It’s officially spring. The season is turning and you’re checking your weather apps more frequently, counting down the degrees to that first weekend round you’ve been craving for months. Let's get you ready for an injury-free, successful season.
But before you think about getting back into the groove and playing regularly, you might need to consider taking a step back.
The 30,000-Foot View
Some golfers spend a lot of time indoors during the winter, and haven’t been quite as active as you need to be – especially if you’re going to start playing golf more often.
If that sounds like you, consider making a plan for the upcoming golf season, and part of that is training your body to help your golf game.
It’s about that time, so let’s get moving.
Make a Plan to Train Your Body for Golf
A big part of getting ready for the upcoming golf season is to understand exactly what type of training is required -- and on top of that, the necessary components that come with your new routine. If you’re working out, great! But are you eating better? Are you sleeping enough? Are you rested and recovered for the next day, whether it’s a day in the gym or a day on the golf course?
An underrated benefit of having a workout routine and watching your nutrition is the impact on your mental game. Golf, as we know, is as mentally challenging as it is physically, so having a sharp mind is going to help. With a balanced routine (everything in moderation, of course), proper rest and better habits, your brain will be in top shape.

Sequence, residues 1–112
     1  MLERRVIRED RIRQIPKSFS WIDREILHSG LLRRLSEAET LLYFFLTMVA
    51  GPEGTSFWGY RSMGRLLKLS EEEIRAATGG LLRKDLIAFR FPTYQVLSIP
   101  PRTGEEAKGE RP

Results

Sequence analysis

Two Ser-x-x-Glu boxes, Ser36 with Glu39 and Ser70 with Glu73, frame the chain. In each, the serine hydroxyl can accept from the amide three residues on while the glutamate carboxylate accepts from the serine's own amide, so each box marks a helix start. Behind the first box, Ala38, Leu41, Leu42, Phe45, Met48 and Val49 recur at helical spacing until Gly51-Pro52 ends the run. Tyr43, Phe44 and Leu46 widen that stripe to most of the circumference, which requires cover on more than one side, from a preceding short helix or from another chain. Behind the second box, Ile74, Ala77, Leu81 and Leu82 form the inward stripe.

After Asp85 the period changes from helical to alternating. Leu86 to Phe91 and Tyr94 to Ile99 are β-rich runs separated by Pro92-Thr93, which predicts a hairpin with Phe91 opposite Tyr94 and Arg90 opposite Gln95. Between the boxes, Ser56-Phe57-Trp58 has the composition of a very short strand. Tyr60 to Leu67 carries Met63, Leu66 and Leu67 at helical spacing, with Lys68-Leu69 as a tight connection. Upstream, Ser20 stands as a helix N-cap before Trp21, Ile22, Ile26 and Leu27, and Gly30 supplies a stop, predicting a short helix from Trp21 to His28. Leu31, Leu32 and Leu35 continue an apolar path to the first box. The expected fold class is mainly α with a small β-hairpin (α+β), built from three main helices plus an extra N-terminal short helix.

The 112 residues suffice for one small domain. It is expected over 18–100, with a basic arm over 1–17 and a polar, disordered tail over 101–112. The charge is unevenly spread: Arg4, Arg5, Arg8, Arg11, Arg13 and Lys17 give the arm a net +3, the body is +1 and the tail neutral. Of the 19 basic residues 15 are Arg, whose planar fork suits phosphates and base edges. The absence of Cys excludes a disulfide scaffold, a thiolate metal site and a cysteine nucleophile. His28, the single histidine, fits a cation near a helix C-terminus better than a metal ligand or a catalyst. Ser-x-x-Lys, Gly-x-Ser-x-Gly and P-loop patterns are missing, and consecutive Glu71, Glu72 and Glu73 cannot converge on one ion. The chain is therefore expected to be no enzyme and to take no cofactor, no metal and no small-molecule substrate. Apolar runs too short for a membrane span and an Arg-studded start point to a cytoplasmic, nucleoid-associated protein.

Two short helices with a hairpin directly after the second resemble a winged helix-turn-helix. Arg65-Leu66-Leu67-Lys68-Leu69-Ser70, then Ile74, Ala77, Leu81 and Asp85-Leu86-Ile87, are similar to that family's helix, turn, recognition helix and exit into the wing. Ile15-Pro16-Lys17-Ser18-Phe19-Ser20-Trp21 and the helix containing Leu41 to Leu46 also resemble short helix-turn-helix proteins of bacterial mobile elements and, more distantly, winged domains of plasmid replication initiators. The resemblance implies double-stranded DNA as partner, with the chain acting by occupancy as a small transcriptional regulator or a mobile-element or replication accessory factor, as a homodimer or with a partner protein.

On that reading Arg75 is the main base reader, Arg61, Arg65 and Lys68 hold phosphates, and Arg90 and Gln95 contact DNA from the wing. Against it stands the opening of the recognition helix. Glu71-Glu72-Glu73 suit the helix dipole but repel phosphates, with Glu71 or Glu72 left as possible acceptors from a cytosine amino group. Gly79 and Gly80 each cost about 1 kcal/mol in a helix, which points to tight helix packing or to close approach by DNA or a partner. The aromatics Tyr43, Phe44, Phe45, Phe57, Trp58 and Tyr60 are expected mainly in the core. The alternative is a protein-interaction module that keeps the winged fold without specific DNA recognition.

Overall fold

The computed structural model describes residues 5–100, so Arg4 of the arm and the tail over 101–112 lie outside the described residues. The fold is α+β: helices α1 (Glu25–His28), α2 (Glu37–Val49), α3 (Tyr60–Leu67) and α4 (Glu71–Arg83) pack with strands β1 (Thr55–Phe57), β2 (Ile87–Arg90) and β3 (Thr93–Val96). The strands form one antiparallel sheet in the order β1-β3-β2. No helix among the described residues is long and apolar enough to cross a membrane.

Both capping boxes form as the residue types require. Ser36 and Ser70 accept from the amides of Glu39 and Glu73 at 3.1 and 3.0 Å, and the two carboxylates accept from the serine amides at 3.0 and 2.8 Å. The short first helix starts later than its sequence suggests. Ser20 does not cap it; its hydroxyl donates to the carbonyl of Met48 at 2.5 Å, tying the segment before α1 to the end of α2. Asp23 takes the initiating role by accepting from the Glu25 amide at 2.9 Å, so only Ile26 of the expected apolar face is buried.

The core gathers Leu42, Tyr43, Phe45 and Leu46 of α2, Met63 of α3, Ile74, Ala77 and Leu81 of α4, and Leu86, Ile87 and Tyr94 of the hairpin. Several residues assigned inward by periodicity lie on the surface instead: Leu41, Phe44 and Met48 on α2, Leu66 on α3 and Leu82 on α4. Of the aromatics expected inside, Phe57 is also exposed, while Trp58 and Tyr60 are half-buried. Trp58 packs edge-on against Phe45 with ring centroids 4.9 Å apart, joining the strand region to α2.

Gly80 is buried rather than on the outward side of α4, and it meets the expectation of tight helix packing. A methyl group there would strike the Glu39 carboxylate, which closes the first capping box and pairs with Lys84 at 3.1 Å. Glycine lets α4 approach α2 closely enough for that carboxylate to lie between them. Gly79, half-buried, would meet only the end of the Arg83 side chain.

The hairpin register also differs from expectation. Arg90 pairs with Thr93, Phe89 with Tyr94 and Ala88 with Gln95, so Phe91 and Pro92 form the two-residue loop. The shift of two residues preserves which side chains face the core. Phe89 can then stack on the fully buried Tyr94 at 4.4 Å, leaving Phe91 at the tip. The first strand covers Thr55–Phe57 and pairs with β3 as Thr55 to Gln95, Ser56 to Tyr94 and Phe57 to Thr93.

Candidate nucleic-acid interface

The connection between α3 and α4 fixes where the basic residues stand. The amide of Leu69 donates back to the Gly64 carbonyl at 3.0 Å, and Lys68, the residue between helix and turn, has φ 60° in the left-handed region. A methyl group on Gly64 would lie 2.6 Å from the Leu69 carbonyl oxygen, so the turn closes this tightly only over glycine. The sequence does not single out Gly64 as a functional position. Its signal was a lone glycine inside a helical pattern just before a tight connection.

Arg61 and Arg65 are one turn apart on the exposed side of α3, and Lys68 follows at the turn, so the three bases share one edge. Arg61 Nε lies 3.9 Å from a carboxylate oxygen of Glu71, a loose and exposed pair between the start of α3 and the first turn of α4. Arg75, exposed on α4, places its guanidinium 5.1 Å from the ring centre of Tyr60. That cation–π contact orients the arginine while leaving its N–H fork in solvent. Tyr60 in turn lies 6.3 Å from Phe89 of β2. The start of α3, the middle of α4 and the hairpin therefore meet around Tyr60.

Document your goals, list out the steps you plan to take to reach those goals, and hold yourself accountable to execute.
Each month, take a look back and track your progress; if you’re on pace, think of another goal or two that you can add to the mix. If you’re behind or not hitting the goals you initially set, go back to the initial list and map out a new/revised plan to get back on track.
Shake off the Rust and Work Out with a Purpose
There are a couple of areas to focus on in your preseason or springtime golf training. First, though, it’s important just to get back into the swing of a regular workout routine before committing to specific types of exercises.
A common mistake many golfers make is thinking they can simply pick up right where they left off in 2021. Unless you’ve been to warmer climates in the winter and playing regularly, there will be quite a bit of rust on not only your swing, but your body.
On the golf course, you need lower body strength and lower body stability.
It's one thing to be able to squat or lunge with a lot of weight. But to be able to connect with the ground and create a stable yet mobile base is a different ballgame.
Make sure you’re ahead of the curve. Check out this blog on preseason workouts for videos and exercises that will get your lower body activated and help you build stability.
Cheers to a great 2022 golf season